Your character has had nothing or only a little to drink. They are still sharp, alert, and acting normally.
Stage 2: Tipsy
Tipsy characters are still alert and can hold conversation, basically sober people but a bit "looser." They may have had a glass of wine/a shot or two and are now starting to feel the effects of the alcohol in their system.
Tipsy is the tip of the iceberg, and here are some characteristics of being tipsy that many people exhibit while they're drinking:
More talkative, conversation comes easier
Cognitive thought processes are slowed
Shorter attention span/easier to space out
Decision-making skills are less refined (more likely to take risks, "voice of reason" is quieter)
Short-term memory is poorer
Walking may come with a some difficulty, as there's a slight head rush and bodily orientation is a little thrown off (kind of like the full-body version of "you're now blinking manually"), but there isn't usually a high risk of falling or stumbling.
Overall, a tipsy person could hold their all in a public setting, albeit with some struggle.
Stage 3: Drunk
Once your characters have teetered off the ledge of "tipsy" and into "drunk," there come some changes to their demeanor. For some, their entire personality changes when they're drunk (which will be discussed later).
On top of this, many people exhibit bodily changes such as:
Loss of coordination/balance issues
Struggle to make proper judgements
Attention deficit, struggling to focus
Struggle to remember things, and not just short-term
Mood swings; many drunk folks are easily excited or saddened, and can be set off at the smallest things.
Needing to pee (A first pee of the night is called "breaking the seal," as once your character breaks the seal, they will have to consistently pee after that)
Stumbling, unable to walk in a straight line.
Drunk characters can still act independently but should be accompanied by friends to make sure they don't do anything stupid. Drunkenness is sometimes described as puppeteering your body from the outside. Things slip and slide through your thoughts, unable to grab a hold and process one, and this can be exacerbated by flashing lights and loud music.
You still think, sure, but it's not cohesive or comprehensive. Your characters' thoughts will be more stimuli-driven than reason/contemplation-driven. This is why a drunk character cannot be trusted to make concrete decisions.
Stage 4: Blackout
If a character is blackout drunk, that means they've really surpassed their limit. Most of the time, blackout drunk people cannot function on their own, and must need assistance from their sober friends or their less-drunk companions.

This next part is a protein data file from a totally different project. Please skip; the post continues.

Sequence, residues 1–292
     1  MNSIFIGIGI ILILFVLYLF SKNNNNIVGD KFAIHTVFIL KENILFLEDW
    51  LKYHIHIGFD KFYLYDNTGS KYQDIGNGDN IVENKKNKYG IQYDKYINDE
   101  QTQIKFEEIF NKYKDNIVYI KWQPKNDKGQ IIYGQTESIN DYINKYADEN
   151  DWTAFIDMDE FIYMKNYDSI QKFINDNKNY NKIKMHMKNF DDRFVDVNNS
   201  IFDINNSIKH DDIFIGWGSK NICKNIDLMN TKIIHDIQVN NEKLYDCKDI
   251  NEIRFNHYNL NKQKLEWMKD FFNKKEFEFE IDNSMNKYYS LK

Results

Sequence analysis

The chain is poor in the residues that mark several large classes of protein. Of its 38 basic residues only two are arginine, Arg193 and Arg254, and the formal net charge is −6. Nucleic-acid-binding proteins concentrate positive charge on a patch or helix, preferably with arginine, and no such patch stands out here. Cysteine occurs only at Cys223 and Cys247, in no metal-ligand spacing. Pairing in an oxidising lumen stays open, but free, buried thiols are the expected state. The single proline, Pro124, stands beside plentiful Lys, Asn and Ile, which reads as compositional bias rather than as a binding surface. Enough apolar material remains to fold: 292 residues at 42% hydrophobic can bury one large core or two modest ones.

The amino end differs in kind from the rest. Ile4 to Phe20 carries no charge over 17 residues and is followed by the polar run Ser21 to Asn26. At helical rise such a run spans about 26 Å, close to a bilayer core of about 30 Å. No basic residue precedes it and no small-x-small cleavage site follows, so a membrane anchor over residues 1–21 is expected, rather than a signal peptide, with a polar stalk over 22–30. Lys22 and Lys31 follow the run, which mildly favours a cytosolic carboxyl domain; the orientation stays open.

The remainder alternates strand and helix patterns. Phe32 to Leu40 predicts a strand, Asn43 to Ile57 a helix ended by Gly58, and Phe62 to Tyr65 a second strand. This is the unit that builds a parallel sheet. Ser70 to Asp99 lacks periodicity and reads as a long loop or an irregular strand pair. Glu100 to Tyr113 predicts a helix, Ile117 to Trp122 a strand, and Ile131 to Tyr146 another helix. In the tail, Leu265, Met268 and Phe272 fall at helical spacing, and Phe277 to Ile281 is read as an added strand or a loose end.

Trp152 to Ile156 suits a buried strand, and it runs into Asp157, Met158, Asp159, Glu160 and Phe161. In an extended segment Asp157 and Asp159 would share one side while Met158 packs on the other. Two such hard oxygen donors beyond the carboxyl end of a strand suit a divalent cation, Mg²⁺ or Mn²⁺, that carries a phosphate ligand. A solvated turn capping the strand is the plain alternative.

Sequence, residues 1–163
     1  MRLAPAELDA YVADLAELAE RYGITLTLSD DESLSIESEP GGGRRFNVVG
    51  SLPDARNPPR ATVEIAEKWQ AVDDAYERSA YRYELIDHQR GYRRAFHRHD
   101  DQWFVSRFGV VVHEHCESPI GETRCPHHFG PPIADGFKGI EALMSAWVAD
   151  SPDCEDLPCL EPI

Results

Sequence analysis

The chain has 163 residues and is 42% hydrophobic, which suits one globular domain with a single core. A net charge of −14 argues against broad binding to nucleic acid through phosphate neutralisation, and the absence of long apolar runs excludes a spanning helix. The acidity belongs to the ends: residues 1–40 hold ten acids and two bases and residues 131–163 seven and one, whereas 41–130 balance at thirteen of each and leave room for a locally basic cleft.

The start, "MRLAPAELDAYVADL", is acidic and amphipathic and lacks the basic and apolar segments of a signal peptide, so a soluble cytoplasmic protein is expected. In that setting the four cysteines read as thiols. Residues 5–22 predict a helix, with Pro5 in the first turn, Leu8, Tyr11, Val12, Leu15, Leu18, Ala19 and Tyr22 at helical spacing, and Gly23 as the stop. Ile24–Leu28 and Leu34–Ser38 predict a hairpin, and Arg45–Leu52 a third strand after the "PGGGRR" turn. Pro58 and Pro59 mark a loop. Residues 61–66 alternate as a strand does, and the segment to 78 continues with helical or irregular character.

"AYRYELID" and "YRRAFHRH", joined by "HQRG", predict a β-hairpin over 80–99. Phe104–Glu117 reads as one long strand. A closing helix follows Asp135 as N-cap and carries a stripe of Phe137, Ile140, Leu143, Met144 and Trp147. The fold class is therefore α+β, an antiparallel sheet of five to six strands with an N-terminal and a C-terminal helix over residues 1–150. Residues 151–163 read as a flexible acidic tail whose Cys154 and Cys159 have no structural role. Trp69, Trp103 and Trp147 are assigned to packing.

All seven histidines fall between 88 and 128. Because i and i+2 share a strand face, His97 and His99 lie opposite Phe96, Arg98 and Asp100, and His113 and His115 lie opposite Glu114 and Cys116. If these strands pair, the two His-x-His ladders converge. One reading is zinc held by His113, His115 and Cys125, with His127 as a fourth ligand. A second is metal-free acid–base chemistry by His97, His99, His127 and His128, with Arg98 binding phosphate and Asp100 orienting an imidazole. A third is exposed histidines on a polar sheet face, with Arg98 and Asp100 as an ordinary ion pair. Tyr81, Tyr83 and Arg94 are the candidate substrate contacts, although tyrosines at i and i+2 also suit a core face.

The reason blackout drunk is called that is primarily because a character will not remember what happened the next day. In the moment they are thinking and talking (albeit in a limited scope), but when they finally sober up they will have no recollection of what they did or said.
Some symptoms of being blackout drunk include:
Confusion. A character may not know where they are or who they're with.
Exhaustion, at a high risk of passing out.
Needing assistance to stand or walk, or walking with severe staggering.
Horrible short and long-term memory
Slurred speech (although you may want to avoid writing out people slurring their words and instead use "s/he slurred" or some other indicator to make sure it's legible)
A blackout drunk character may put themselves in risky situations without knowing it, which is why they should be under supervision to make sure that nothing bad happens.
Stage 5: Hangover
Some people are blessed with no hangovers, but unfortunately the older your characters are, the more likely they are to get them. A hangover can really ruin your character's day-after, especially if they blacked out, although some pain relievers from over the counter should be able to help them out slightly.
Possible symptoms of a hangover from Mayoclinic.org:
Fatigue and weakness
Excessive thirst and dry mouth
Headaches and muscle aches
Nausea, vomiting or stomach pain
Poor or decreased sleep
Increased sensitivity to light and sound
Dizziness or a sense of the room spinning
Decreased ability to concentrate
Mood disturbances, such as depression, anxiety and irritability
Good luck to your character, because depending on how much they drank, it's gonna be a rough one.
3. How Do They Act?
Many people drink during parties in part to change their personality, especially if they tend to be shy while they're sober. While drunk, your character may have more fun than they would if they hadn't had anything, or may consider "lame" things exciting and interesting.
According to the University of Missouri's study of 374 undergraduates, there are four types of drunk personalities:
1. The Mary Poppins
These people are friendly when sober and remain friendly when they get drunk, perhaps getting even more affectionate and lovey. They won't really stir up any trouble and are usually quite amicable, albeit they have lowered inhibitions and decision-making skills.
2. The Hemingway
These people don't change too much when they're drunk. Their levels of intellect and self-discipline shift less than they do for others. Although they may feel the same effects, they may not outwardly show it as much as others do.
3. The Nutty Professor
These people are introverted when sober and extroverted when drunk. Shy, quiet people transform into the kings and queens of the dance floor or the most sociable partygoers you've ever met. They lose all inhibitions and tend to be loud and outgoing in a way that they most definitely weren't when they were sober.